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A CurtainUp New Jersey Review
Since well-heeled, middle-aged WASP married couple Huntley (John FitzGibbon) and Kate (Judith Hawking) are incorrigibly sophisticated, smugly erudite, blisteringly condescending New Yorkers living grandly in their "stately" upper Fifth Avenue apartment the politically progressive posturing that marks and defines them need not be considered an oxymoron. Huntley has some important job at the United Nations and Kate is a former actress/soap star, well-read, well-dressed, and more importantly, well-acquainted with the number of men with whom their attractive twenty-seven year-old, novice television producer daughter Kitty (Sarah Nealis) has been previously and frequently dis-engaged.
Despite being prepared for the usual inquisition, brave-hearted Kitty shocks her parents more than usual when she brings home for dinner Paul (Christian Pedersen), a born-again Evangelical missionary with whom she has been dating quietly for months. Kitty's reluctance to have the thirty-something Paul meet her parents may be because they are confirmed atheists with her father leaning generously toward the agnostic.
What drives the ensuing confrontation and the progressively caustic route toward a resolve is Kate's unapologetically acerbic wit. As played to the hilt of affectation and innuendo by a terrifically invasive Hawking, her role becomes the hilarious and often outrageous centerpiece in a comedy that can be savored line by line. Under Evan Bergman's incisive direction the play careens without a let-up from one critical but also laugh provoking juncture to the next.
Empowered by a relentlessly Mommy Dearest-invoked determination to put Paul through the ringer and to undermine his relationship with Kitty, Kate is clearly on a crusade, but certainly not one of a religious nature. With her politely accusatory baiting and barely veiled insults with regard to Paul's religious beliefs and his commitment to his work that includes being the principal of a an evangelical church, Trinity Bible School in New York City, she is unstoppable. But so is our laughter that accompanies Kate's tirade.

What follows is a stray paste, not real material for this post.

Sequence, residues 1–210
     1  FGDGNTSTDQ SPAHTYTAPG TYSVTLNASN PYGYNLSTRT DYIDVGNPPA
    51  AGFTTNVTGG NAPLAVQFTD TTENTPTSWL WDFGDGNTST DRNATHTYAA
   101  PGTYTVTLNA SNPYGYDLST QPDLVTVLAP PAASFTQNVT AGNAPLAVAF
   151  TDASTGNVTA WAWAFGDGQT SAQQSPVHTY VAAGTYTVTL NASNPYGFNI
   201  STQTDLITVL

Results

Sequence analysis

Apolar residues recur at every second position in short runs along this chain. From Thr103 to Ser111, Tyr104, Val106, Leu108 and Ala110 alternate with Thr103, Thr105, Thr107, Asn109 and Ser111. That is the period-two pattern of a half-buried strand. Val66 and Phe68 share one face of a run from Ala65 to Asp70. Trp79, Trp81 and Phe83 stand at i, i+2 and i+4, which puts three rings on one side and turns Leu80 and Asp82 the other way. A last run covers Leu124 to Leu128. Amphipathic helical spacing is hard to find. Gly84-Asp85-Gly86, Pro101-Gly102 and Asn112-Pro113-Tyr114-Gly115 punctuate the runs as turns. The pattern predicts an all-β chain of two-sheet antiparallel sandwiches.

Kate's assault against Paul begins during the dinner party, picks up steam again during the middle of the night in a blissfully funny encounter that would make Noel Coward smile, and again the next morning. All of these, however, find Paul extraordinarily polite, tempted but unwilling to offend his future mother-in-law. While it is easy to be tickled by Kate's vicious attacks, witty but blistering opinions, we also begin to see her poignant, heartbreaking side.
The aspect that really elevates this play beyond its clever plot conceit is the dialogue, always trenchantly on target without being mean-spirited and despite its content. A subtext involves Huntley's concerns over an Islamic faction causing trouble in Turkey, but that is less relevant as Kate becomes acutely aware of a more devastating cause and effect of trouble in paradise. The living room setting by Jessica Parks may not presume paradise, but it does infer elegance as does Patricia E. Doherty's costumes particularly for Hawking.
With Hawking giving the kind of attention-demanding performance, it is remarkable how impressively the very pretty Nealis asserts the title character's charmingly rebellious nature into the squabbles. The commendably trim and good-looking Pederson remains ingratiatingly invincible, particularly in how he feels about pre-marital sex, an issue that adds another wrinkle to his relationship with Kitty.
Although this is the fourth play by Smith (it won Best Play in Portland Stages Clauder competition in 2010 and was work-shopped in New York with Harriet Harris), it is the first play by Smith that I have seen. This excellent play deserves a future life in regional theaters as well as in New York where a smart producer should take it forthwith.
Book of Mormon -CD
Our review of the show
Slings & Arrows-the complete set
You don't have to be a Shakespeare aficionado to love all 21 episodes of this hilarious and moving Canadian TV series about a fictional Shakespeare Company